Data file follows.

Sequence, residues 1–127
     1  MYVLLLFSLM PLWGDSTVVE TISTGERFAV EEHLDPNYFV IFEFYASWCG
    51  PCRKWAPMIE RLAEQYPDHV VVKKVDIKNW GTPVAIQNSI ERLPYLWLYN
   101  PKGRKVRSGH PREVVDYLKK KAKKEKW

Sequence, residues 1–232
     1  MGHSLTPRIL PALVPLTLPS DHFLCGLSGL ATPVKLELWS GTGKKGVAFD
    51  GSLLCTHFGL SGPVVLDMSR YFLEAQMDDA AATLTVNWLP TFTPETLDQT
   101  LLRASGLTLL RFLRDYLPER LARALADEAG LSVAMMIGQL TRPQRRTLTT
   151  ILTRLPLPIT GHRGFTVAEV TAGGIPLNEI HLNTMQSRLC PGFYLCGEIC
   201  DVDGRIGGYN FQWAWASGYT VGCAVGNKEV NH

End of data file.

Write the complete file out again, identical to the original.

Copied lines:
Sequence, residues 1–127
     1  MYVLLLFSLM PLWGDSTVVE TISTGERFAV EEHLDPNYFV IFEFYASWCG
    51  PCRKWAPMIE RLAEQYPDHV VVKKVDIKNW GTPVAIQNSI ERLPYLWLYN
   101  PKGRKVRSGH PREVVDYLKK KAKKEKW

Sequence, residues 1–232
     1  MGHSLTPRIL PALVPLTLPS DHFLCGLSGL ATPVKLELWS GTGKKGVAFD
    51  GSLLCTHFGL SGPVVLDMSR YFLEAQMDDA AATLTVNWLP TFTPETLDQT
   101  LLRASGLTLL RFLRDYLPER LARALADEAG LSVAMMIGQL TRPQRRTLTT
   151  ILTRLPLPIT GHRGFTVAEV TAGGIPLNEI HLNTMQSRLC PGFYLCGEIC
   201  DVDGRIGGYN FQWAWASGYT VGCAVGNKEV NH